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dc.contributor.authorWright, Alexander David
dc.description.abstractHabitat loss, fragmentation, and degradation have led to an estimated 80% range-wide decline of gopher tortoise (Gopherus polyphemus) populations across the Southeastern Coastal Plain. Recently, the gopher tortoise was identified as a candidate for listing under the Endangered Species Act in the eastern part of its range. To support an adaptive landscape planning and decision framework for gopher tortoise conservation, I examined the population dynamics and movement patterns of four gopher tortoise populations on a large private reserve in southwestern Georgia, where tortoises were previously marked/recaptured from 1995-2000. It is critical to understand how tortoise populations vary in space and time at large spatial and temporal scales to protect a long-lived species, such as the gopher tortoise, into perpetuity. With further understanding of the long-term population ecology and movement patterns, we can better evaluate the roles of emigration and survival within populations to inform reserve design and decision analysis for the species’ conservation.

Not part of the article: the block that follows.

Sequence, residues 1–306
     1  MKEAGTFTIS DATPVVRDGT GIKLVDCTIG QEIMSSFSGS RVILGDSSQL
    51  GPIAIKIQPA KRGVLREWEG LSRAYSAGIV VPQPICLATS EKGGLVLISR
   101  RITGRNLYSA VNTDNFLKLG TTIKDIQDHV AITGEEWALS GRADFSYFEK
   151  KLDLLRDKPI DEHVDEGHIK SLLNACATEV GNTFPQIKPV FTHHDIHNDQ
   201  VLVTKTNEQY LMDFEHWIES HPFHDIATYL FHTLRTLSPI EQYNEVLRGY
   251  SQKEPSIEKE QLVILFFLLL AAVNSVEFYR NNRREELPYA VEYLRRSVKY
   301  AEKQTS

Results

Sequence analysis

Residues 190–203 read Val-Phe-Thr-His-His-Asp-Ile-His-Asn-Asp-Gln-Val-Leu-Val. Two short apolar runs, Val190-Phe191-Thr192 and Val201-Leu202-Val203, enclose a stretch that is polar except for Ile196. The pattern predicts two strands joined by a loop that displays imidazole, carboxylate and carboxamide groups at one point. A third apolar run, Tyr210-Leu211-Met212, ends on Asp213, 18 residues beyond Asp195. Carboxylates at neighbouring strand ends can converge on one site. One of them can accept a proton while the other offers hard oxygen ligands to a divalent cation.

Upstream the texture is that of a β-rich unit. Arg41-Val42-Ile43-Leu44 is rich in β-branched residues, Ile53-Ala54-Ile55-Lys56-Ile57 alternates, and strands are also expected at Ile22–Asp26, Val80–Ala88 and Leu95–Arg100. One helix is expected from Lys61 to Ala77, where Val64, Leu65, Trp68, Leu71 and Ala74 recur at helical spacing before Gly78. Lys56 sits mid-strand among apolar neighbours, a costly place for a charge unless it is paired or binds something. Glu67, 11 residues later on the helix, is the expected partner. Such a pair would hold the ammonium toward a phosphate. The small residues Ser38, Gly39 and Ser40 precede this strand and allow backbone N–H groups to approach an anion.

dc.rightsOn Campus Only Until 2018-05-01
dc.subjectgopher tortoise
dc.subjectGopherus polyphemus
dc.subjectpopulation dynamics
dc.titleLong-term population ecology and movement patterns of gopher tortoises (Gopherus polyphemus) in southwest Georgia
dc.description.departmentDaniel B. Warnell School of Forestry and Natural Resources
dc.description.majorForest Resources
dc.description.advisorJeffrey A. Hepinstall
dc.description.committeeJeffrey A. Hepinstall
dc.description.committeeLora L Smith
dc.description.committeeClinton T. Moore

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